11PD - IMA950 multipeptide vaccine adjuvanted with Poly-ICLC in combination with standard therapy in newly diagnosed HLA-A2 glioblastoma patients (11PD)

Date 09 December 2017
Event ESMO Immuno-Oncology Congress 2017
Session Poster Discussion session
Topics Complications/Toxicities of Treatment
Cancer and Pregnancy
Cancer in Special Situations
Presenter Valérie Dutoit
Citation Annals of Oncology (2017) 28 (suppl_11): xi3-xi5. 10.1093/annonc/mdx710
Authors V. Dutoit1, D. Migliorini1, A. Patrikidou1, A. Mayer-Mokler2, N. Hilf2, P.R. Walker1, P. Dietrich1
  • 1Oncology, Geneva University Hospital, 1211 - Geneva/CH
  • 2Clinical Program, immatics biotechnologies, 72001 - Tuebingen/DE



Immunotherapy is a promising alternative strategy for patients with glioblastoma (GBM). Here, we conducted a phase I/II trial to address the safety and immunogenicity of a multipeptide therapeutic vaccine (IMA950) adjuvanted with Poly-ICLC in patients with newly diagnosed GBM.


Sixteen HLA-A2+ GBM patients were included. Patients received the standard of care treatment including surgery, 6-week chemo-radiation therapy, and 6-12 adjuvant cycles of temozolomide. IMA950 (composed of nine glioma-associated CD8 peptides and two tumor-associated CD4 peptides) was injected starting one week after the end of chemo-radiation therapy. Primary endpoints were safety and immunogenicity; secondary endpoints were OS and PFS at six and nine months.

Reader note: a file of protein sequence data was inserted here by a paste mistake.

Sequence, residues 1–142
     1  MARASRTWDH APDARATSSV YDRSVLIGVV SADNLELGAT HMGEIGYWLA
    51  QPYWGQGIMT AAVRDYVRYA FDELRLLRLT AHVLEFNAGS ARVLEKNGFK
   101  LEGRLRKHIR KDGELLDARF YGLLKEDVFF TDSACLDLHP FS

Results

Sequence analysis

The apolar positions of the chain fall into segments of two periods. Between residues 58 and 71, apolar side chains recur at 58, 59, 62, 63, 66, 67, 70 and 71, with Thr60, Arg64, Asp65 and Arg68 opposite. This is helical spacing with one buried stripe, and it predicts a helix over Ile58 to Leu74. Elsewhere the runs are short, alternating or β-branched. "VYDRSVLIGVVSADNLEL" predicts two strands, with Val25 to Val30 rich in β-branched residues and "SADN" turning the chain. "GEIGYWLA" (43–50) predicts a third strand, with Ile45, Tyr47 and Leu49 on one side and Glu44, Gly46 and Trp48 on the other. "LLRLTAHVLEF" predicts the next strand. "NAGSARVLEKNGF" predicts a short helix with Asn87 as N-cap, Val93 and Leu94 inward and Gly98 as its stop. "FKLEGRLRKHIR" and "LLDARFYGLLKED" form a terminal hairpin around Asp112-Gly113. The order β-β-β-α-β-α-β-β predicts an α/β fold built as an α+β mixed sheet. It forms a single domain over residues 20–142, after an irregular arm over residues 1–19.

In the first six patients, peptides were injected intradermally (i.d.) and Poly-ICLC intramuscularly (i.m.). Low levels of vaccine-induced CD8 T cell responses were detected following this vaccination schedule, leading us to modify the vaccination protocol. In the modified schedule, peptides and adjuvant were mixed before injection, which was given i.m. for six patients and subcutaneously (s.c.) for seven patients, in an effort to determine the optimal injection route. Clinically, the IMA950/Poly-ICLC vaccine was well tolerated, the most common side effect being local inflammation at the injection site. A few patients experienced cerebral edema, which was manageable with steroids. Analysis of vaccine-induced T cell responses revealed that 63% of patients responded to one CD8 peptide and 37% responded to two or more CD8 peptides. Modifying the vaccination protocol resulted in detection of multipeptide responses in 46% of patients, as compared with 17% in the initial protocol. Vaccine-induced CD4 T cell responses were detected in the majority of patients and were of Th1 phenotype. Median OS was 21.2 months.


Overall, the IMA950/Poly-ICLC vaccine is safe, immunogenic and preliminary median OS is encouraging. Definitive clinical results and correlation with immunological data will indicate the most efficacious route of vaccination for use in further trials in glioma patients.

Clinical trial identification


Legal entity responsible for the study

Pierre-Yves Dietrich


The Gateway for cancer research, Rising Tides (USA)


All authors have declared no conflicts of interest.